Over the past two months, the National Hockey League has experienced a baffling outbreak of mumps. Thirteen players are said to have it, and there's no telling when the outbreak will end. It is a story that seems to have stepped from the mid-20th century.
Before 1967, about 180,000 Americans had mumps every year. Sometimes the number was well over 200,000. While the illness is only rarely fatal, it is worse than unpleasant, producing fever, headache, fatigue and loss of appetite.
By 2012, the number of reported cases shrunk to 229. Mumps has hardly been wiped out, but in terms of public health, the improvement has been nothing short of spectacular.
This educational video explores empathy in the listening and speaking of the community of psychologists, psychotherapists, and those committed to emotional and human well-being.
That about covers it. Where is empathy present and where is it missing? Should one expect the therapist to cry with you if the trauma is really, really sad? What if she or he does cry anyway? How does this relate to music therapy? Neurology? Alcoholics Anonymous (AA)? How does empathy relate to the “circle of caring”? All these questions and more are engaged. Not to be missed!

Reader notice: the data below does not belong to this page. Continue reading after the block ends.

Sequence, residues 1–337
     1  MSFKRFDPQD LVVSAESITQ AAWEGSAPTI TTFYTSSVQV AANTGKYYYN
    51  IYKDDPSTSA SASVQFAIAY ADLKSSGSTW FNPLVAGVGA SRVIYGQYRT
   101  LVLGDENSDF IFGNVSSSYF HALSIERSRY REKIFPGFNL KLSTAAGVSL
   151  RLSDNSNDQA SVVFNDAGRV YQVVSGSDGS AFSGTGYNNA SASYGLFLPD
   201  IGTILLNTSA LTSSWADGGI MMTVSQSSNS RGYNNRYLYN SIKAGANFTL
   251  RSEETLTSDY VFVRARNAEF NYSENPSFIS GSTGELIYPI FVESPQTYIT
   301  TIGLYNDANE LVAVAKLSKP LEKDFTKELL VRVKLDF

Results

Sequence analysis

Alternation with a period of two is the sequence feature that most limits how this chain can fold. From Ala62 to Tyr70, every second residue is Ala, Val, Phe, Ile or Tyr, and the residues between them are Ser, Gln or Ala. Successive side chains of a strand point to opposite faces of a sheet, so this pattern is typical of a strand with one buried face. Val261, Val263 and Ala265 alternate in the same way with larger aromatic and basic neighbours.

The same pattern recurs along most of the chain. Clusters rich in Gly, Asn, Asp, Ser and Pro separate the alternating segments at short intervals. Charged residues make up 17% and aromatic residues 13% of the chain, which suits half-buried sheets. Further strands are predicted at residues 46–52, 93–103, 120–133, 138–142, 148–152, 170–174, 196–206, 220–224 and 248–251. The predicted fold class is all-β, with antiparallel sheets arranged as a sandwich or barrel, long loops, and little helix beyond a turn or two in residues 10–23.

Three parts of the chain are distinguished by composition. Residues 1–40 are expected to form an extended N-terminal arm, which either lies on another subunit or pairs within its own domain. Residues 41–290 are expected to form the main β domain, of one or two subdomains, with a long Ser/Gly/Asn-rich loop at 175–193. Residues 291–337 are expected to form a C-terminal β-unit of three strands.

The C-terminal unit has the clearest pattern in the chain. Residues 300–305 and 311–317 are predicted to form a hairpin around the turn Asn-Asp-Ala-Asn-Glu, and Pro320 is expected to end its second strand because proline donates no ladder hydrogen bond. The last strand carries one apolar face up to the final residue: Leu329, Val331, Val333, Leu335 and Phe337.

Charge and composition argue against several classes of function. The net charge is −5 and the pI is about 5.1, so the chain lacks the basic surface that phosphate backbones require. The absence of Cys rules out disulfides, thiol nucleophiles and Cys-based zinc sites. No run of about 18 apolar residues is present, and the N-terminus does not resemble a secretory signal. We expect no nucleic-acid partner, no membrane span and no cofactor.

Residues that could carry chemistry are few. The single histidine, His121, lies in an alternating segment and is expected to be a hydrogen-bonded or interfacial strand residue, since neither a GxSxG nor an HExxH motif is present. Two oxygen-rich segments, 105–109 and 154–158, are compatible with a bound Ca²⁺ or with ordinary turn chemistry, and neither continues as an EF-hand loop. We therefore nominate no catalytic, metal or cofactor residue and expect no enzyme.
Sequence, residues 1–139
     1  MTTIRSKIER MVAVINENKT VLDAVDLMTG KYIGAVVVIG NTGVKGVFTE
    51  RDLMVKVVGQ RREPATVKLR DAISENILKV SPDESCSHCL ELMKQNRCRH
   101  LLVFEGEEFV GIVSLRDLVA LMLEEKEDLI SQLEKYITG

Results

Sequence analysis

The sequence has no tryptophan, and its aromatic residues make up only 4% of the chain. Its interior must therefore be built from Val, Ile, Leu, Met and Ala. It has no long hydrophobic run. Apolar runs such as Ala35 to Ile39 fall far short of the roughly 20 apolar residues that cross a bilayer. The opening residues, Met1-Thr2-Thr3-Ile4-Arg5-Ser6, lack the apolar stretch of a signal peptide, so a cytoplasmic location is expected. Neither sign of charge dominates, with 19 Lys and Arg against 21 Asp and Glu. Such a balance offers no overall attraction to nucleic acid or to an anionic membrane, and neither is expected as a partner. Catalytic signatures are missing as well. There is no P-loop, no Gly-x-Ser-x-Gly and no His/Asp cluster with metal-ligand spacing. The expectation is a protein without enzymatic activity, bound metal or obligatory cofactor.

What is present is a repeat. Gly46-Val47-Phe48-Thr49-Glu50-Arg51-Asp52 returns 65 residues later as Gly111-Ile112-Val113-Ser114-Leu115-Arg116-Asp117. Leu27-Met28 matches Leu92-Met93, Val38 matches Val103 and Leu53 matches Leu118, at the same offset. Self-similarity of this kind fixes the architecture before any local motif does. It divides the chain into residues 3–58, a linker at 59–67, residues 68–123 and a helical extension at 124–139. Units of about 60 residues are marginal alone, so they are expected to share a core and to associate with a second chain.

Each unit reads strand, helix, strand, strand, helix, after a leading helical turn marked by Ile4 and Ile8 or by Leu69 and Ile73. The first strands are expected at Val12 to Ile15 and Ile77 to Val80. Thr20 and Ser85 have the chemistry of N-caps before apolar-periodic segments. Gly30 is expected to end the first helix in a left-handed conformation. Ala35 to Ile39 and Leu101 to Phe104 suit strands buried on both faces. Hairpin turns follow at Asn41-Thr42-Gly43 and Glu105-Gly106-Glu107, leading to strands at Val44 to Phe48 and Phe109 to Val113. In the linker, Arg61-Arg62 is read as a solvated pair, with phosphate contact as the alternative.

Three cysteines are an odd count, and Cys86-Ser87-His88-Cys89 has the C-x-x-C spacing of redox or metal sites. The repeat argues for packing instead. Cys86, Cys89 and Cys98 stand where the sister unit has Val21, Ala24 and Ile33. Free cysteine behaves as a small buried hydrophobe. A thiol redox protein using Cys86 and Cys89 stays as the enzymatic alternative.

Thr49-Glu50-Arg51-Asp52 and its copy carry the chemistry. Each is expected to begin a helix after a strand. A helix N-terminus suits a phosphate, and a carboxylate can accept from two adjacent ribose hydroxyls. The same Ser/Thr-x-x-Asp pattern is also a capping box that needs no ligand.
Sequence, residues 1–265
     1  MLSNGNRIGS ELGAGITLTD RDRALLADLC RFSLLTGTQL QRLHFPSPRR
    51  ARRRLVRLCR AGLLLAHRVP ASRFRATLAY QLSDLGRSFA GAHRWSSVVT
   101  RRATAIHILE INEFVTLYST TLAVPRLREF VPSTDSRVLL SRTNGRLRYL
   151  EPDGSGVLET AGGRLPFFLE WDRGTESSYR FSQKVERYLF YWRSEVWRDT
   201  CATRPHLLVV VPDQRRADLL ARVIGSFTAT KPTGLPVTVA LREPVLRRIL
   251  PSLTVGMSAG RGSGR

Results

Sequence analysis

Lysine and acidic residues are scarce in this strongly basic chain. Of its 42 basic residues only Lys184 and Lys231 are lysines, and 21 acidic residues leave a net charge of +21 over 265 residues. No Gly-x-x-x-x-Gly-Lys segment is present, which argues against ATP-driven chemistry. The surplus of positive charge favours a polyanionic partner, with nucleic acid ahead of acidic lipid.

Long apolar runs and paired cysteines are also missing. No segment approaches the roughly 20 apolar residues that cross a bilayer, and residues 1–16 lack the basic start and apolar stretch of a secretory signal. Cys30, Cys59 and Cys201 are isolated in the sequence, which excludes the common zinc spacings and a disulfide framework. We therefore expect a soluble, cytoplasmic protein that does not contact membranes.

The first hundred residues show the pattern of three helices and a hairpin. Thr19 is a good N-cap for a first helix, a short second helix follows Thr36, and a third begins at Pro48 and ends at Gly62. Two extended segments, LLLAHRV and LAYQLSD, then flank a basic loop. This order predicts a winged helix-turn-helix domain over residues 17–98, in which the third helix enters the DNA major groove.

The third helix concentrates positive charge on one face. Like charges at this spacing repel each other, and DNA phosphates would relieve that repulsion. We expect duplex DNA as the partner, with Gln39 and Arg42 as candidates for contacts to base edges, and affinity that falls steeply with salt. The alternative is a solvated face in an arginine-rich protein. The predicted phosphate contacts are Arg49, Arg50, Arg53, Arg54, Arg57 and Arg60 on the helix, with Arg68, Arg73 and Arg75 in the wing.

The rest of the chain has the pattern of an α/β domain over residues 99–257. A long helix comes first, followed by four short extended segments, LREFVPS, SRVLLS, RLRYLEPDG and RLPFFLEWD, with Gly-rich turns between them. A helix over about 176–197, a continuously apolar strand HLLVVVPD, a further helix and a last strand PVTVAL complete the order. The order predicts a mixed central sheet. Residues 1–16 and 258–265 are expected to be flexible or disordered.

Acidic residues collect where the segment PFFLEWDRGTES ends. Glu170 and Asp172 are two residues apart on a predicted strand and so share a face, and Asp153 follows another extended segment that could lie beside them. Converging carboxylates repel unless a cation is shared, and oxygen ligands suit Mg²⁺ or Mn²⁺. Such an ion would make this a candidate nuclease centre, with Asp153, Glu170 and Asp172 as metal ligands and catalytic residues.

Note: All the usual disclaimers apply. This is a good faith, best effort to expand empathy in the world by capturing the experiences and narrative of a significant individual for educational purposes.
Phys.Org Cognitive Bias: Why Neurotic People Make This Real Estate Choice More Science 2.0 A paper in the Journal of Behavioral and Experimental Economics finds that personality traits are strong indicators of real-estate decisions.
“Empathy is at the heart of progressive thought,” according to George Lakoff, the linguist best known for authoring Don’t Think of an Elephant. He argued in 2009 that empathy is “the capacity to care, to feel what others feel, to understand what others are facing and what their lives are like.”Some progressives, however, practice a highly selective form of empathy. Writing for Time magazine after a Missouri grand jury’s decision not to indict Ferguson police officer Darren Wilson in the shooting death of Michael Brown, Darlena Cunha asked, “In such a case, is rioting so wrong?” No, she quickly concluded. Rioting is merely “the legitimate frustration, sorrow, and pain of the marginalized voices . . . spilling out into our streets.” Cunha invoked, as an encouraging precedent, the 1992 Rodney King riots in Los Angeles, never mentioning the 53 people killed during that riot, much less empathizing with them and their families.”By William Voegeli